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Pig, mail # user - UDF problem: Java Heap space


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Re: UDF problem: Java Heap space
Aniket Mokashi 2011-02-24, 23:49
Hi Jai,

Thanks for your email. I suspect that its the Strings in tight loop reason
as you have suggested. I have a loop in my udf that does the following.

while((startInd = someLog.indexOf('[',startInd)) > 0) {
endInd = someLog.indexOf(']', startInd);
if(endInd > 0) {
category = someLog.substring(startInd, endInd+1);
cats.add(category);
}
startInd = endInd;
}

My jobs are failing in both local and mr mode. UDF works fine for a
smaller input (a few lines). Also, I checked that sizeof someLog doesnt
exceed a 10000.

Thanks,
Aniket
On Thu, February 24, 2011 3:58 am, Jai Krishna wrote:
> Sharing the code would be useful as mentioned. Also of help would the
> heap settings that the JVM had.
>
> However, off the top of my head, one common situation (esp. in text
> processing/tokenizing) is instantiating Strings in a tight loop.
>
> Besides you could also exercise your UDF in a local JVM and take a heap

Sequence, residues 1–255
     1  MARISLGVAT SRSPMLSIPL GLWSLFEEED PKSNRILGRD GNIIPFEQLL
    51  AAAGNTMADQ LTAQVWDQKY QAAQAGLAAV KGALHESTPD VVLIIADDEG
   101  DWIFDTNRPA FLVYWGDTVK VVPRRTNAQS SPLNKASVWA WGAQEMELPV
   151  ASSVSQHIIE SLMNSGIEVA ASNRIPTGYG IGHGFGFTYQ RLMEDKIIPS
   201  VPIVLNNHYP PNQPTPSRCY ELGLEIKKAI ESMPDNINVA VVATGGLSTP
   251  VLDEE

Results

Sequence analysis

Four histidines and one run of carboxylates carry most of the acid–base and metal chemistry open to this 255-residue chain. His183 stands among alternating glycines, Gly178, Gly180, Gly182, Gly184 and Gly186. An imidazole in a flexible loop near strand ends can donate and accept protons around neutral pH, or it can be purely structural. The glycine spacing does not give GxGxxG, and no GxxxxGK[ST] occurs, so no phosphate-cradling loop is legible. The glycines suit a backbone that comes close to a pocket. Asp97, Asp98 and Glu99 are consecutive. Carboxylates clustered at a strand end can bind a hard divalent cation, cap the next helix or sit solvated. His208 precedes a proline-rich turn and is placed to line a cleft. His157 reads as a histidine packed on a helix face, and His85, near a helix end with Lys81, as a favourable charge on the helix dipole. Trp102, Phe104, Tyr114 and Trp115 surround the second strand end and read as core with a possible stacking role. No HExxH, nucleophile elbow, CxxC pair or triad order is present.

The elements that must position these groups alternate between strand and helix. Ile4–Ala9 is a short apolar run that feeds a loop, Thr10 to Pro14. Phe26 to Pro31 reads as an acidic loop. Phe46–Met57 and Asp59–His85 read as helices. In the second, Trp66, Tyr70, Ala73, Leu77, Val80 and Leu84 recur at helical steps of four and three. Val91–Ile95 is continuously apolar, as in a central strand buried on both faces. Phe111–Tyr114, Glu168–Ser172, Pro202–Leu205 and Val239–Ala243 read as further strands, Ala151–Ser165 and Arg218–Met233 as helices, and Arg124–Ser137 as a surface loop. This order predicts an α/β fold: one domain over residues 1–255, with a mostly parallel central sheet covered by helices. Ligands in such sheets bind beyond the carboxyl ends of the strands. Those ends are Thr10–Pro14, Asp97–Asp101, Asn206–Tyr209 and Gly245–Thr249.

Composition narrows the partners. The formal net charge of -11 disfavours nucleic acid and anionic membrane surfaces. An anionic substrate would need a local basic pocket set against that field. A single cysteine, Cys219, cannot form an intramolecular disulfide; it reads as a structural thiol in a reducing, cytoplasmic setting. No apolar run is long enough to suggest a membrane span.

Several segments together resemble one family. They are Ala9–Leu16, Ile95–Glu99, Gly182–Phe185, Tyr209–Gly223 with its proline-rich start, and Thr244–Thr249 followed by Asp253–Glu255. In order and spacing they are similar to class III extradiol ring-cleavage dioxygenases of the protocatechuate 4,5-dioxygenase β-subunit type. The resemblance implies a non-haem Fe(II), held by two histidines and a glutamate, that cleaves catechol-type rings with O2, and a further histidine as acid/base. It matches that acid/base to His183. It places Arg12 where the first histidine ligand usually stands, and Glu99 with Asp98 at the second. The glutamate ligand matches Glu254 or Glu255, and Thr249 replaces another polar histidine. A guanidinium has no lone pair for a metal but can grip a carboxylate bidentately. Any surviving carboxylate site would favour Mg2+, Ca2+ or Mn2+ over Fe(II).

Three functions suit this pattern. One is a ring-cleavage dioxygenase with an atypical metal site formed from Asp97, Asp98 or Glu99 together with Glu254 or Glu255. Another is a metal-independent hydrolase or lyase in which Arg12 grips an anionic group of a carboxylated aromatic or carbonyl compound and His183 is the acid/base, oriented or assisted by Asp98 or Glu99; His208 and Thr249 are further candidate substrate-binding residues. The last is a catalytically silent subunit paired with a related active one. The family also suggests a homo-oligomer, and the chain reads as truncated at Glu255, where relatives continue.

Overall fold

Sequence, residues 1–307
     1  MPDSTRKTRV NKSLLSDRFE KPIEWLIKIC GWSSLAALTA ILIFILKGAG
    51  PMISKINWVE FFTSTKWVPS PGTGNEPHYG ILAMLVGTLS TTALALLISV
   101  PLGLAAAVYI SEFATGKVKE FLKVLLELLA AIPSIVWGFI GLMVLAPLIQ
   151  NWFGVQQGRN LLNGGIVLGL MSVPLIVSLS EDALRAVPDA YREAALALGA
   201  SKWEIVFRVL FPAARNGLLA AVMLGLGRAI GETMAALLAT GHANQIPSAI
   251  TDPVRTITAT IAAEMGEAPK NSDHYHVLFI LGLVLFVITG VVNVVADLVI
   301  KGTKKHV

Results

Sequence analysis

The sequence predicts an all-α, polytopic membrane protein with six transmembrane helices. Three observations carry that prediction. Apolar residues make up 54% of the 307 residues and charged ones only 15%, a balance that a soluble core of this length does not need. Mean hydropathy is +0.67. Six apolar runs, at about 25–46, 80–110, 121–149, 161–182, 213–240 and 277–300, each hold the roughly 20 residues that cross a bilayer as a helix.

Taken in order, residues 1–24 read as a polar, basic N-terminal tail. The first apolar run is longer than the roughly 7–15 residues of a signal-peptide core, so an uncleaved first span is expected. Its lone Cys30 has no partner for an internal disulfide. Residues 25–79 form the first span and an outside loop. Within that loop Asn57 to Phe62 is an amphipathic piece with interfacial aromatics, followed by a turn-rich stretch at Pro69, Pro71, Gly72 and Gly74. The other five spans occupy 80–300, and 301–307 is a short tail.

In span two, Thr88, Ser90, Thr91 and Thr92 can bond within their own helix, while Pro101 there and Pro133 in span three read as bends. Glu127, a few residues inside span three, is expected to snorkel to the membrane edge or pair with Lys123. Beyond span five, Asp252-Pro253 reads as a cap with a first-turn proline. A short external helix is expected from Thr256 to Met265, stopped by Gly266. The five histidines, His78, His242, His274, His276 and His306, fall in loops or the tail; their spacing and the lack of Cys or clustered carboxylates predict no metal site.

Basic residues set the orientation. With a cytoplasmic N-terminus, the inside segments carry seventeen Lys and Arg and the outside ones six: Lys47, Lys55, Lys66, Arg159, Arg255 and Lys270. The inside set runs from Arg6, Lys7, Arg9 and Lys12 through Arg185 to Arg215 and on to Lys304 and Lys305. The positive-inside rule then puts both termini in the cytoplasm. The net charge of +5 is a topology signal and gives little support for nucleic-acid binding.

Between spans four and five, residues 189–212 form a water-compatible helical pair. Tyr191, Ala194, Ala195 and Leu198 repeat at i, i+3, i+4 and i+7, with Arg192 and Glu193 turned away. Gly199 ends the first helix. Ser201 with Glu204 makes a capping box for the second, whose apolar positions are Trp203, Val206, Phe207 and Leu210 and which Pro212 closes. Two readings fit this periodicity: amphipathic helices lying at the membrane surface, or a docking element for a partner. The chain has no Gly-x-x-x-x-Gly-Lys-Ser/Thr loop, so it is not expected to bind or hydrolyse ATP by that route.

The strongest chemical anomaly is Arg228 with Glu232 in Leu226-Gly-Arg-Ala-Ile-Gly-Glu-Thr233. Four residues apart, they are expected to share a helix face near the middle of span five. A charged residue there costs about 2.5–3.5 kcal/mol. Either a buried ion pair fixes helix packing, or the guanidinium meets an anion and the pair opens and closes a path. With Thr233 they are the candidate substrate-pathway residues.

> dump / profile it. If your heap is less than 512M, you could use basic
> profiling via hprof/hat (see
> http://java.sun.com/developer/technicalArticles/Programming/HPROF.html ).
>
>
> Thanks,
> Jai
>
>
>
> On 2/24/11 9:26 AM, "Dmitriy Ryaboy" <[EMAIL PROTECTED]> wrote:
>
>
> Aniket, share the code?
> It really depends on how you create them.
>
>
> -D
>
>
> On Wed, Feb 23, 2011 at 7:49 PM, Aniket Mokashi
> <[EMAIL PROTECTED]>wrote:
>
>
>> I ve written a simple UDF that parses a chararray (which looks like
>> ...[a].....[b]...[a]...) to capture stuff inside brackets and return
>> them as String a=2;b=1; and so on. The input chararray are rarely more
>> than 1000 characters and are not more than 100000 (I ve added log.warn
>> in my udf to ensure this). But, I still see java heap error while
>> running this udf (even in local mode, the job simply fails). My
>> assumption is maps and lists that I use locally will be recollected by
>> gc. Am I missing something?
>>
>> Thanks,
>> Aniket
>>
>>
>>
>
>